Phillies send Phillippe Aumont to minor leagues
CLEARWATER, Fla. - At this point, after another spring in which he failed to stick with the major-league club, Phillippe Aumont probably would benefit from a change of scenery.
"Obviously, I think anybody would think that," he said. "But the bottom line is I'm still here, and I'm still getting an opportunity somewhere. That's all that really matters."
None of baseball's other 29 teams deemed Aumont worthy of a waiver claim, so the hard-throwing but erratic 6-foot-7 reliever was outrighted Wednesday off the Phillies' 40-man roster. The lone holdover from the December 2009 trade of Cliff Lee to the Mariners will begin yet another season at triple-A Lehigh Valley.
The Phillies want Aumont, 26, to continue to work on his consistency. "It's more when I get spurts of good games and then I'll sort of hit a wall," he said while packing his bags before making the short walk to the minor-league complex. "They're trying to get me to a point where I can extend that somewhat to a full season."
This was an important spring for Aumont, who arrived in Clearwater with no remaining minor-league options. Over 82/3 Grapefruit League innings, the Canadian righthander allowed five runs, four earned, on 13 hits, three of which were home runs. He struck out 10 and walked only two.
It wasn't enough.
"He's shown some improvement throwing strikes more consistently. He just hasn't pitched well enough to be on our major-league club," general manager Ruben Amaro Jr. said. "He ran out of time with us, at least for now. But we have him in our system."
Despite Aumont's struggles in recent years, the fact that another team did not claim him was somewhat surprising given his raw talent and towering frame. Seattle drafted him 11th overall in 2007 before trading him with Tyson Gillies and J.C. Ramirez for Lee.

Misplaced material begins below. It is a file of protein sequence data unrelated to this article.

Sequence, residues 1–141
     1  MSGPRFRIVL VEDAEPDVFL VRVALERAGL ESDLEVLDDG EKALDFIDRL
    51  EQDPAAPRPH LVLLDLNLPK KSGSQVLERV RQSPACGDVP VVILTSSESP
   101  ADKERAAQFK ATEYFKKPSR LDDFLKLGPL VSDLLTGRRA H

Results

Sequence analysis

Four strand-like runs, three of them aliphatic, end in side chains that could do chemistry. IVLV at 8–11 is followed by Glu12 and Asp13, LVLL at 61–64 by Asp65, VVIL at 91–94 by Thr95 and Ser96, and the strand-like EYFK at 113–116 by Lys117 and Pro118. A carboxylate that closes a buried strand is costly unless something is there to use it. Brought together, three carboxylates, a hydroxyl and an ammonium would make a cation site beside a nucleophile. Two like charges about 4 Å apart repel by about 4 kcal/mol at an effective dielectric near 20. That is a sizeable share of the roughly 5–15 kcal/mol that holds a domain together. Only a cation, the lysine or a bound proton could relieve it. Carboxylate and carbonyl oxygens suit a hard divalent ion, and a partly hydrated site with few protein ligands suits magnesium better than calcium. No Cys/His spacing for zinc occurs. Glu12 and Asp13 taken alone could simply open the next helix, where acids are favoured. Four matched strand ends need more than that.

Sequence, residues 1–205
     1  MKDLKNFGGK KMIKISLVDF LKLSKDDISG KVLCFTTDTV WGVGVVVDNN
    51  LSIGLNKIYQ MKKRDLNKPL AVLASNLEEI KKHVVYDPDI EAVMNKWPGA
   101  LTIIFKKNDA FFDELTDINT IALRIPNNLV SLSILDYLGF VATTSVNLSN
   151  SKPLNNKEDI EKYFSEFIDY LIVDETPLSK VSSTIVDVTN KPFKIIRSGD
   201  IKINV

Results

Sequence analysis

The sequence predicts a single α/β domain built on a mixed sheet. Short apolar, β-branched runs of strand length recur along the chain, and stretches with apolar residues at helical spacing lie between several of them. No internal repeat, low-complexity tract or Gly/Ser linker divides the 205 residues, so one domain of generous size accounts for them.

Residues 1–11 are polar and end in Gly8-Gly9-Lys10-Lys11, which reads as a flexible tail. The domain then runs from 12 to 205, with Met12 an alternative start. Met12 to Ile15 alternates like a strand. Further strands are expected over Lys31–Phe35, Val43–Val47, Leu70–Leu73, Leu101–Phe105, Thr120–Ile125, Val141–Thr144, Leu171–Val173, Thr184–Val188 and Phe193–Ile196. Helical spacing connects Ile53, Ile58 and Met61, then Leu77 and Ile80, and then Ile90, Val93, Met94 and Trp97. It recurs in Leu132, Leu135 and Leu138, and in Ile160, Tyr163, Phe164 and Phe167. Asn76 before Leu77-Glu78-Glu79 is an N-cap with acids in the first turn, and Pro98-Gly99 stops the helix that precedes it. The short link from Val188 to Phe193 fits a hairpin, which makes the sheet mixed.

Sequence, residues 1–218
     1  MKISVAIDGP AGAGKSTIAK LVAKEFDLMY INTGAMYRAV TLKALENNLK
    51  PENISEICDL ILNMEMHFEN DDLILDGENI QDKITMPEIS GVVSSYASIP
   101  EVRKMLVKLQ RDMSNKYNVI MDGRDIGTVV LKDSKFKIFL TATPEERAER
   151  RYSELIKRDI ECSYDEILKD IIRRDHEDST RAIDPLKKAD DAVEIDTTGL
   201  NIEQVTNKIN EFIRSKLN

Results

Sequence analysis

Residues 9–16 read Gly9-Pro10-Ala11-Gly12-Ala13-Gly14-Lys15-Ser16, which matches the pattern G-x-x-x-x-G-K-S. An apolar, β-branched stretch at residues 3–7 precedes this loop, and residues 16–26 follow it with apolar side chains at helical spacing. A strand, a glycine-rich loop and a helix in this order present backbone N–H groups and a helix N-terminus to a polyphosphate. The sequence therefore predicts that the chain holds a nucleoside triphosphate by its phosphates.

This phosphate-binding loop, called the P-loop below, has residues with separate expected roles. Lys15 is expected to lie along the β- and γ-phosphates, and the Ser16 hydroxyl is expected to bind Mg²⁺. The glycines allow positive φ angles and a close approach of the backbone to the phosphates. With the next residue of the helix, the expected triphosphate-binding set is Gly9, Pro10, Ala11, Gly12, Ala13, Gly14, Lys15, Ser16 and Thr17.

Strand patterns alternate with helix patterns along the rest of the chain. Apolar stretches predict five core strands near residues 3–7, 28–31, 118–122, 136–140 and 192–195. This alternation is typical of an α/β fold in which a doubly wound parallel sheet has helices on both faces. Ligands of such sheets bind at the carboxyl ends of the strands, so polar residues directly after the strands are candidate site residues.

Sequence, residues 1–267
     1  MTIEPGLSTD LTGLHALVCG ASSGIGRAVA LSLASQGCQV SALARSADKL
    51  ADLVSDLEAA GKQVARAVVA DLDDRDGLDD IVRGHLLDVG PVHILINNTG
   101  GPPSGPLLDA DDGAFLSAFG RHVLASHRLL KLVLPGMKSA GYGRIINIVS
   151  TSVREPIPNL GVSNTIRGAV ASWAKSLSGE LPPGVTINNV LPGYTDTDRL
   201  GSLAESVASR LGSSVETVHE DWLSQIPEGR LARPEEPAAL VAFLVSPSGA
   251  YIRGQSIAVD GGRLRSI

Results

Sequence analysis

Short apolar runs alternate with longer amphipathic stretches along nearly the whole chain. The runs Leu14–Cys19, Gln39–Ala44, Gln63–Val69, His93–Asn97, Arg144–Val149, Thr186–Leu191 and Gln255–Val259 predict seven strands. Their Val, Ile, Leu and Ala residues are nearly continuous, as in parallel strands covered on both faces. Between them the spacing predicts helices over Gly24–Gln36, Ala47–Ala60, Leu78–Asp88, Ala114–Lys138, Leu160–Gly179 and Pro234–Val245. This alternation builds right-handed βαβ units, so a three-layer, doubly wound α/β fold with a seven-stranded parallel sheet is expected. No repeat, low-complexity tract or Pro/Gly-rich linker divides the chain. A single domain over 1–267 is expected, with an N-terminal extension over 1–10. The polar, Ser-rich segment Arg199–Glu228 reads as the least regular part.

Aumont is the only one of the three former prospects from the deal still in the Phillies system. He recorded a 3.93 ERA over 35 triple-A appearances last year and gave up 12 runs in 52/3 major-league innings.
"I don't think that affects him at all," Amaro said of the potential burdens on Aumont because he was part of the Lee trade. "He just hasn't performed. It's about performance. It's pretty simple. You've got to perform better to stay in the major leagues. He hasn't done that. We're hoping that we can get him to that point at some point, but he just hasn't been able to do it yet."
Aumont could have asked the Phillies for his release to try to catch on with another organization. He did not do so, and this week he will report back to the affiliate with which he has made 126 appearance over the last four seasons.
"What good is it going to do me to ask them to release me when they could've done it on their own?" Aumont said. "If they didn't do it, it's for a reason. That's the way I see it. I've got some work to do. I'll just get it done."